You've already chosen the best response.
    Medals 2

    Now I would just like to make an observation. We worked with areas. Now let's look at volumes.

  29. mathstudent55
    • one year ago
    Best Response
    You've already chosen the best response.
    Medals 2

    The small cube has a volume of 2 cm^3. The large cube is made up of 8 small cubes, so its volume is 8 * 2 cm^3 = 16 cm^3, right?

  30. mathstudent55
    • one year ago
    Best Response
    You've already chosen the best response.
    Medals 2

    Also, notice that the side of the large cube is twice the side of the small cube.

  31. anonymous
    • one year ago
    Best Response
    You've already chosen the best response.
    Medals 0

    i have a question

  32. mathstudent55
    • one year ago
    Best Response
    You've already chosen the best response.
    Medals 2

    When the side of the cube was doubled, the area became 4 times larger, and the volume became 8 times larger.

  33. anonymous
    • one year ago
    Best Response
    You've already chosen the best response.
    Medals 0

    no i understand that what i don't it how you can tell whether 2cm was the surface area or the volume

  34. mathstudent55
    • one year ago
    Best Response
    You've already chosen the best response.
    Medals 2

    Notice that 4 is 2^2, and 8 is 2^3. This is a general rule helps to know: If a solid changes in size by a scale factor of k, the area changes by k^2, and the volume changes by k^3.

  35. mathstudent55
    • one year ago
    Best Response
    You've already chosen the best response.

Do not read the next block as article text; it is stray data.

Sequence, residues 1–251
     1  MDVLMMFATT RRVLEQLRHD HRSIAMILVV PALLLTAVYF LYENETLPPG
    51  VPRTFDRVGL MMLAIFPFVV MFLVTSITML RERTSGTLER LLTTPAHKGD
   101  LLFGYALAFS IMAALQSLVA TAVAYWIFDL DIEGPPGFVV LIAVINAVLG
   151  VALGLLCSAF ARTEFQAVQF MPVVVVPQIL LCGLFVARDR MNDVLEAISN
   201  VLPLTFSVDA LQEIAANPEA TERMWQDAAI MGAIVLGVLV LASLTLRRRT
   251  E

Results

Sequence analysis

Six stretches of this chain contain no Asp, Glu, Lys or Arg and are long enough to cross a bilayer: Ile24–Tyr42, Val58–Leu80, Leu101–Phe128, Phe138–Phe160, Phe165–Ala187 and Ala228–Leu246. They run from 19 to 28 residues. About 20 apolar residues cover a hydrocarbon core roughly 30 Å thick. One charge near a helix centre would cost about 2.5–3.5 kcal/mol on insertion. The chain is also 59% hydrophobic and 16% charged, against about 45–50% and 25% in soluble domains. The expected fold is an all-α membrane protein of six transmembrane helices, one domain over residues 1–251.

Medals 2

    A centimeter is a unit of length. Think of a centimeter as being used the same as an inch.

  36. mathstudent55
    • one year ago
    Best Response
    You've already chosen the best response.
    Medals 2

    A centimeter is smaller than an inch, but both a centimeter and an inch are units of length.

  37. anonymous
    • one year ago
    Best Response
    You've already chosen the best response.
    Medals 0

    excatly and volum is a measure of the area of the entire space a object takes up which i didnt think could be measured by length

  38. mathstudent55
    • one year ago
    Best Response
    You've already chosen the best response.
    Medals 2

    For example, a regular piece of paper measures 8.5 inches by 11 inches. The length and width are measured in inches. That means the length and width can also be measured in cm.

  39. mathstudent55
    • one year ago
    Best Response
    You've already chosen the best response.
    Medals 2

    An area is the size of a surface. If you measure a length and width in inches, then the unit of are is the square inch, or sq in., or in.^2.

  40. mathstudent55
    • one year ago
    Best Response
    You've already chosen the best response.
    Medals 2